James Patterson raises the stakes to their highest level, ever-when Alex Cross becomes the obsession of a genius of menace set on proving that he is the greatest mind in the history of crime.
Detective Alex Cross is a family man at heart—nothing matters more to him than his children, his grandmother, and his wife Bree. His love of his family is his anchor, and gives him the strength to confront evil in his work. One man knows this deeply, and uses Alex's strength as a weapon against him in the most unsettling and unexpected novel of James Patterson's career.
When the ones Cross loves are in danger, he will do anything to protect them. If he does anything to protect them, they will die.
CROSS MY HEART is the most powerful Alex Cross novel ever, propelled by the ever-ingenious mind of James Patterson, the world's #1 bestselling writer.
Part One | SIXTEEN DAYS EARLIER...
DRESSED NOW IN A black leather jacket, black jeans, black polo shirt, and black harness boots, Marcus Sunday hurried toward the New North building at the center of the Georgetown University campus. Weaving through a throng of students, he reached the 120-seat McNeir Auditorium and went in, passing a sign outside that read, the perfect criminal. lecture today. 11 a.m.
The place was abuzz with anticipation. And as Sunday moved down the aisle toward the front rows, he saw that other than an empty director’s chair onstage, there wasn’t a seat to be had, standing room only.
When he reached the front row, Sunday saw students sitting on the floor in front of the stage. He smiled, moved through them, and bounded up the stairs onto the stage, where he shook hands with the tweedy-looking, gray-bearded fellow waiting.
“Sorry I’m running late, Dr. Wolk,” Sunday said.
“I’m just out of class myself,” the man said. “Shall I introduce you?”
“Please,” Sunday replied, and bobbed his head with deference.
Dr. Wolk turned on the microphone and tapped it twice before saying, “Good morning. I am David Wolk, chairman of Georgetown’s philosophy department, and I’d like to welcome you once again to the Spring Series of Lectures by Diverse Scholars.”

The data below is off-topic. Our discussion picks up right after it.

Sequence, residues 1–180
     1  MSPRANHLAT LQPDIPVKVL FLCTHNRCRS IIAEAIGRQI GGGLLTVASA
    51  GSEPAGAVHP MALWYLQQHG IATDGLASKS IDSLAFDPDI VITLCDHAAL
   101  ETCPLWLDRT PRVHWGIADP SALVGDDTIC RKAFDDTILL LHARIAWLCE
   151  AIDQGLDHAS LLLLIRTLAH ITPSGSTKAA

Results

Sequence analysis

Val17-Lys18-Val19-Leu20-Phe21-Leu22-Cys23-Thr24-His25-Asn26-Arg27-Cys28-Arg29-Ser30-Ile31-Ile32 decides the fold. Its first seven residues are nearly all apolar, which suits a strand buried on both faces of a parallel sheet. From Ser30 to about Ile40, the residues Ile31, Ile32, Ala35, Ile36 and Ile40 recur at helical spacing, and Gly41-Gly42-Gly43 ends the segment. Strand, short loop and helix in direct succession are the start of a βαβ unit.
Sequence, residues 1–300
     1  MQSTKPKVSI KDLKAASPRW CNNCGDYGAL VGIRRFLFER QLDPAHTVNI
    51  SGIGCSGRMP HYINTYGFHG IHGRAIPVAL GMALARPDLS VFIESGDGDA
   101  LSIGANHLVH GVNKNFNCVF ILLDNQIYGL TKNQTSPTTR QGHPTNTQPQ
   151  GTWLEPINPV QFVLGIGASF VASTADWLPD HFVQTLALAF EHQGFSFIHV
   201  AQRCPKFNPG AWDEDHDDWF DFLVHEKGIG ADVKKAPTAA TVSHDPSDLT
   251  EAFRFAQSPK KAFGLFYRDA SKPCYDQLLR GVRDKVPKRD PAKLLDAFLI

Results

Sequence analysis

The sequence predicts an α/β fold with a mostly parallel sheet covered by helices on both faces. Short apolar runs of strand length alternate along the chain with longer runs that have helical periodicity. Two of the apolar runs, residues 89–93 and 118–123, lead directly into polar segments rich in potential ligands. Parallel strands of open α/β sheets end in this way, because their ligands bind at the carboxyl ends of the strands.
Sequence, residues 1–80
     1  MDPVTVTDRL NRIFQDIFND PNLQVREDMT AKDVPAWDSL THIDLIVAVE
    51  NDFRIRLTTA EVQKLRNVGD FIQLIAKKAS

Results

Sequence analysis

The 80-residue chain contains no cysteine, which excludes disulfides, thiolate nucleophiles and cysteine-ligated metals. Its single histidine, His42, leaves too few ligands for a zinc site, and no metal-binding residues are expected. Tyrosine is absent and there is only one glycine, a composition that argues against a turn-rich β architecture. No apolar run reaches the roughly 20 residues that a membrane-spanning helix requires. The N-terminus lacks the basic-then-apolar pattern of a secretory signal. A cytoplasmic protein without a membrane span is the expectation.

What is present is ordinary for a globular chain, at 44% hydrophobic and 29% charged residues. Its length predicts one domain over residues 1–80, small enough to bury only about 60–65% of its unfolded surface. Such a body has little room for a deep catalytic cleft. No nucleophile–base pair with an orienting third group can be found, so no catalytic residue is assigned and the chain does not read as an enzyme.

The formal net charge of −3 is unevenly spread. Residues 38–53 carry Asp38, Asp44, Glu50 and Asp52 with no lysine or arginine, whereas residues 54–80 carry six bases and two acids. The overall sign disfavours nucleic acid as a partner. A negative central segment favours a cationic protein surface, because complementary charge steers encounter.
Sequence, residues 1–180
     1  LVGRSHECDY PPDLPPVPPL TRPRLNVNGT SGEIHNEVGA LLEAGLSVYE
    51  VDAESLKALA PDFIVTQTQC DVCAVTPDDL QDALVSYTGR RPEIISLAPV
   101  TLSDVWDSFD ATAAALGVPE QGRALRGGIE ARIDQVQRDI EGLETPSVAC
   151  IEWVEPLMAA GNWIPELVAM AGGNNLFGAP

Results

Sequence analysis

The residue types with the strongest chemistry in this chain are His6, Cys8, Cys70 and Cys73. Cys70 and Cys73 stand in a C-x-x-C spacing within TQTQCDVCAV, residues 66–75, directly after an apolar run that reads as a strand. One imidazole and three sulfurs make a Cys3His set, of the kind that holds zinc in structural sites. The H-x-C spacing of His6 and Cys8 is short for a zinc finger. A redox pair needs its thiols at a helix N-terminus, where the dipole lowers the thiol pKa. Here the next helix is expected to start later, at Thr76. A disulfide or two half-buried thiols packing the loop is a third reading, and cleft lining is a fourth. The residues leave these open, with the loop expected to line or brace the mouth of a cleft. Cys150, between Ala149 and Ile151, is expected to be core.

He smiled and went on: “They say the study of philosophy is not relevant to the real world, but as this crowd shows, that’s not true. The creative, resourceful application of philosophical methods to modern problems can be penetrating —groundbreaking, even. Today’s guest, who has a PhD in philosophy from Harvard, does just this sort of startling, innovative, and controversial work.
“His first book, published earlier this year, was The Perfect Criminal, a fascinating look at two unsolved mass-murder cases told through the eyes of a truly original thinker focused on the depths of the criminal soul.
“Please welcome Marcus Sunday.”
Sunday grinned, stood, and took the mike from Dr. Wolk.
Facing the clapping audience, the writer scanned the crowd, his gaze hesitating only briefly on an extremely sexy woman, there in the second row. She had a bemused look about her. Curly, dirty-blond hair hung down over her shoulders and a well-filled white tank top. A colorful sleeve tattoo covered her left arm, depicting a black panther lying on a blooming branch in the jungle. The panther’s tail roamed down the woman’s forearm and crossed her wrist. The cat had bewitching green eyes, the color of new, wet clover. So did she.
“Five years ago, I set out to find the perfect criminal,” Sunday began, forcing himself to look away from her. “To my knowledge he’d never been studied, never been identified. That made sense, because if he was perfect, he would never get caught. Right?”
There was nervous laughter in the room, and nods of agreement.
“So how do you find perfect criminals?” Sunday asked, looking around the room and seeing no confident faces. He focused on that young woman with the ruby lips and the startling clover eyes.
She shrugged, said in a light Cajun accent, “Look at unsolved crimes?”
“Excellent,” Sunday said, dropping his head toward his left shoulder. “That is exactly what I did.”